Ronald Duncan & Benjamin Britten
Alongside The Horse, Duncan’s best known work is his libretto for Benjamin Britten’s The Rape of Lucretia. Written for and first performed at Glyndebourne in 1946, this opera was the apex of Britten and Duncan’s musico-literary collaboration.
It is likely that Duncan and Britten met in 1936, though the precise details of that occasion have been somewhat obscured by divergent descriptions. In his autobiography, All Men Are Islands, Duncan wrote of an introductory meeting at the Mainly Musicians Club, arranged by their mutual acquaintance Nigel Spottiswoode; writing later, in Working with Britten, Duncan recounted that this meeting took place at Britten’s flat on Finchley Road; a third version has it that the two met whilst holidaying near Newquay, Cornwall. Whatever the case, the meeting led to an immediate friendship, about which Duncan writes very entertainingly in his autobiographies, and, very quickly, to their first collaborative effort, The Pacifist March (1936/7).
Their most fruitful period of collaboration was, doubtlessly, in the 1940s. It is worth noting that Britten’s greater fame has meant that Duncan’s intervention in Peter Grimes (1945) and libretto for The Rape of Lucretia have overshadowed the rest of his relationship with Britten and the fact that Britten wrote the incidental music for a number Duncan’s plays. Their collaboration on The Rape of Lucretia was preceded by the masque/anti-masque, This Way to the Tomb. Written by Duncan, the play was scored by Britten, a factor that contributed significantly to its success, and was produced at the Mercury Theatre in 1945 with scenes being broadcast on the BBC’s Light Programme. The 1946 production of Duncan’s The Eagle Has Two Heads at the Lyric Theatre also featured music by Britten. In 1949, the pair collaborated on two more projects, which were to be their last together: Britten asked Duncan to provide the text for a wedding anthem (Amo ergo sum) to celebrate the marriage of George Harewood and Marion Stein, which took place in the September, and he also composed the incidental music for Duncan’s play, Stratton, which began a tour in the October of that year.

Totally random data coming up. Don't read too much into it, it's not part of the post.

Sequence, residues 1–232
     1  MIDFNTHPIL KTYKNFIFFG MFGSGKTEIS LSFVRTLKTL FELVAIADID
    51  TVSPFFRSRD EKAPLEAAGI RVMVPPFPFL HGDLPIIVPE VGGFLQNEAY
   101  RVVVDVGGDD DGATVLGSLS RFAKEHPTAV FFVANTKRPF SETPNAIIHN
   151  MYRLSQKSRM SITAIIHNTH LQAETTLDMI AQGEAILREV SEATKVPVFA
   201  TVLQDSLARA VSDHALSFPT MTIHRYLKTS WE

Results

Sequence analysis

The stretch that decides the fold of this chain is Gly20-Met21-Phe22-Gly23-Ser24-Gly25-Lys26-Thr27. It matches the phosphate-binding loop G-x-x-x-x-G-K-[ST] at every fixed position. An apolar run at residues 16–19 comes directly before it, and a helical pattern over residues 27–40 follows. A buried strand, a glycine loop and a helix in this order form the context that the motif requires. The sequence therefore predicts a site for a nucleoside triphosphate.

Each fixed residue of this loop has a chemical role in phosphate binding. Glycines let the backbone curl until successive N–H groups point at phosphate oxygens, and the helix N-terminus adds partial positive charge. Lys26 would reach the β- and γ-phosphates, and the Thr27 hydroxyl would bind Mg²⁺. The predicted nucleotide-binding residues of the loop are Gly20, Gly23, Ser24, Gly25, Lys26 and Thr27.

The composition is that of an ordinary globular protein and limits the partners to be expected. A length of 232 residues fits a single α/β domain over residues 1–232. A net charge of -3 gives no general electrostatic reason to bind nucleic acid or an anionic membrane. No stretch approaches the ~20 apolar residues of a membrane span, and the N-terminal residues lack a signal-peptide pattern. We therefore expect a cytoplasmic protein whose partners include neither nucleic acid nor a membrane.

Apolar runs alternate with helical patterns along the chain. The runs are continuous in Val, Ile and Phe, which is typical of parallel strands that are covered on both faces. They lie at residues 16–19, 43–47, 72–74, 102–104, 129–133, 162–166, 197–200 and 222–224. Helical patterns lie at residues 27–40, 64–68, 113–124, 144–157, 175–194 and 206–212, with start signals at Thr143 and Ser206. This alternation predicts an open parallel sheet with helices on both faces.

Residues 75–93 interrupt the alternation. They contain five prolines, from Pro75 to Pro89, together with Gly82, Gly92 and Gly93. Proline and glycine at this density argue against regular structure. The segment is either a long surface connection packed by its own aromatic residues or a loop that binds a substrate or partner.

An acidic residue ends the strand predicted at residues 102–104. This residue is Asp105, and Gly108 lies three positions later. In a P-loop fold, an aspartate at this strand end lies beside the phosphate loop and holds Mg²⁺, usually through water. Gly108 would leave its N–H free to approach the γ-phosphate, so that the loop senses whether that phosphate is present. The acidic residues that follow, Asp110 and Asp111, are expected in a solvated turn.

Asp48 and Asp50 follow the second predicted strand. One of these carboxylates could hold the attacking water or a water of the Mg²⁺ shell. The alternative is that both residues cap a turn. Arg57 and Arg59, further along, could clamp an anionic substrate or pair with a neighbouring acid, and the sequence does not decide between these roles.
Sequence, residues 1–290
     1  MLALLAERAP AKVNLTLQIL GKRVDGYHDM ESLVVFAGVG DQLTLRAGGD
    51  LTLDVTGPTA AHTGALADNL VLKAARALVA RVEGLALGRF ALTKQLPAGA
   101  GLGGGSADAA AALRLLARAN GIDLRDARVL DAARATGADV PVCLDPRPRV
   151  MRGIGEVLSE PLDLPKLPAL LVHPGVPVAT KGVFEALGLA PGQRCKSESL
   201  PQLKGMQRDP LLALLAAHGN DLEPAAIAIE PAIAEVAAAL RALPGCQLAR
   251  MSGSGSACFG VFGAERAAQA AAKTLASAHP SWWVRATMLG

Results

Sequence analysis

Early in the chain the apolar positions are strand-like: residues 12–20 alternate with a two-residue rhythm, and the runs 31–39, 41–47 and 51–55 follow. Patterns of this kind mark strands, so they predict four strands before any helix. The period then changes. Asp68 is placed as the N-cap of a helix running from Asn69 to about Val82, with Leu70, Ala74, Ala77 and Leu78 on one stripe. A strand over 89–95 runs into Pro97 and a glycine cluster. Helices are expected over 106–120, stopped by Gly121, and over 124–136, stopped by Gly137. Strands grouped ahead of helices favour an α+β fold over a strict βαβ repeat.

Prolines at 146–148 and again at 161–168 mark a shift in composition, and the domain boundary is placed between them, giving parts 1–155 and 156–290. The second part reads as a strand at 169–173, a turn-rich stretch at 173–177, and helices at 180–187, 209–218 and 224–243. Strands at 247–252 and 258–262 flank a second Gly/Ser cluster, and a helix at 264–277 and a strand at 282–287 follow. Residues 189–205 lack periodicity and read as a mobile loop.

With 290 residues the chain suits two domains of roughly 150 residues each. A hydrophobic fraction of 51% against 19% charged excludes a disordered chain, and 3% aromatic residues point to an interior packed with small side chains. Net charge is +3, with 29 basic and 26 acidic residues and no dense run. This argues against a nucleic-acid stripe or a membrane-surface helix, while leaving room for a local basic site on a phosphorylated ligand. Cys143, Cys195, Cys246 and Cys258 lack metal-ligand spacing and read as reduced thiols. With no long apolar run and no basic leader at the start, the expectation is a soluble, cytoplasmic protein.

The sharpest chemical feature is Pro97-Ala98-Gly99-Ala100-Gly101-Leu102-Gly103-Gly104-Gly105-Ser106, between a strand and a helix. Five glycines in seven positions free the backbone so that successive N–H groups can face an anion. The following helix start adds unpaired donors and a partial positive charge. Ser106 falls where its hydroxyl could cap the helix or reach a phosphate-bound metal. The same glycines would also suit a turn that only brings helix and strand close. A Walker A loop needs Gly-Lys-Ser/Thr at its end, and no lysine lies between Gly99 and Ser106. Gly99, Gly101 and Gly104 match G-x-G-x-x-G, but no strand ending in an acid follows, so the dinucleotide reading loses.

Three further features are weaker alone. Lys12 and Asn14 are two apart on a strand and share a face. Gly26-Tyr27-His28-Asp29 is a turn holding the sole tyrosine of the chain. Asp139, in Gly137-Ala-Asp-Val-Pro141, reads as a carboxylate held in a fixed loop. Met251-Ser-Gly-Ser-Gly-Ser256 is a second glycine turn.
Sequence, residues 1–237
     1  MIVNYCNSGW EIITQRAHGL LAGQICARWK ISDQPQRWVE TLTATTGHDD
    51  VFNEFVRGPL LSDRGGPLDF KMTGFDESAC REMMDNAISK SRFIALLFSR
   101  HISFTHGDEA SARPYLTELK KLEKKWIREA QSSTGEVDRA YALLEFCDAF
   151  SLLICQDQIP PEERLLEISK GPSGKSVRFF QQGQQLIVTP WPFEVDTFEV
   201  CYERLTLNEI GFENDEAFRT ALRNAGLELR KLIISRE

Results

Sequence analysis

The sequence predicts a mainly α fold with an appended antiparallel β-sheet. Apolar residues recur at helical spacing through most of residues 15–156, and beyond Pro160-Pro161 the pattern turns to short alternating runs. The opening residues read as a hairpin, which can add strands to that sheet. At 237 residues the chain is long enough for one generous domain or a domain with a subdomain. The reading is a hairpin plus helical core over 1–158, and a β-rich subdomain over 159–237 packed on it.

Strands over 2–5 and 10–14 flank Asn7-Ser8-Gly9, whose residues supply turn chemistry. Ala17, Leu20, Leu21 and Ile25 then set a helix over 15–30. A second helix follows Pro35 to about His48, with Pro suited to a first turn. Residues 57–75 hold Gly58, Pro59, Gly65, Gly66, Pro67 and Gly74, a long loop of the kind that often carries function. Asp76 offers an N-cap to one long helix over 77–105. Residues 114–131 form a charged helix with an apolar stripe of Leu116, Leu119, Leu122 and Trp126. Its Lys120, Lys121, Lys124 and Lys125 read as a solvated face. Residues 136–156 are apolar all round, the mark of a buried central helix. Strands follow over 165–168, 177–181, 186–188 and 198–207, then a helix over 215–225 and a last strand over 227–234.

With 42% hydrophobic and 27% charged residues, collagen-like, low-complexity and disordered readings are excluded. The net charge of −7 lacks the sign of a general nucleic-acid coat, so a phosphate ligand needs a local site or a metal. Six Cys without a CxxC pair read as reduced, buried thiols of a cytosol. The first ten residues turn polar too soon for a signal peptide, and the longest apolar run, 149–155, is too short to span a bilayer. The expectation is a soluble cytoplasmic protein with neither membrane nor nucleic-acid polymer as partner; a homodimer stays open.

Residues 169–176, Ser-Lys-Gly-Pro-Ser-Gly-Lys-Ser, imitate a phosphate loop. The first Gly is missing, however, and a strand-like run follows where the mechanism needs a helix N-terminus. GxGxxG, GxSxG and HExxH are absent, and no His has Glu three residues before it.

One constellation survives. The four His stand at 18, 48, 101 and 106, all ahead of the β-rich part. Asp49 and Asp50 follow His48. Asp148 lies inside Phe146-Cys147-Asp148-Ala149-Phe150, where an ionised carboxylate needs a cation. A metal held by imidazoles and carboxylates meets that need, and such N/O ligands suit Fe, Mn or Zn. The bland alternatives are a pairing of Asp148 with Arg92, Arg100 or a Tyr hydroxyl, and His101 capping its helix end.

Further collaborative projects were mooted but unrealised. These included an anti-war work (Mea Culpa) that Duncan later imagined might have been a precursor or artistic monument of similar scale to the War Requiem. When Duncan asked Britten to write the music for Our Lady’s Tumbler (1951), Britten recommended that Duncan work with Arthur Oldham, Britten’s only private pupil, an act that perhaps sealed the end of their professional relationship. Duncan continued to suggest projects to Britten, but Britten’s other engagements and workload prevented him from committing to them. Although their collaborations had come to an end, Britten and Duncan remained close friends: Britten visited the Duncans in Devon, the families shared holidays abroad, and Britten became, in many respects, another father to Duncan’s son, Roger. Their correspondence continued well into their later lives and, when he heard of Britten’s death, Duncan contrafacted a song in his memory from a middle movement of Schubert’s piano sonata in A minor (D. 845).
Traces of their friendship and work together are abundant in the collection, and include photographs, drafts of libretti, copies of manuscripts and printed scores, letters, concert and opera programmes, and at least one brief sound recording.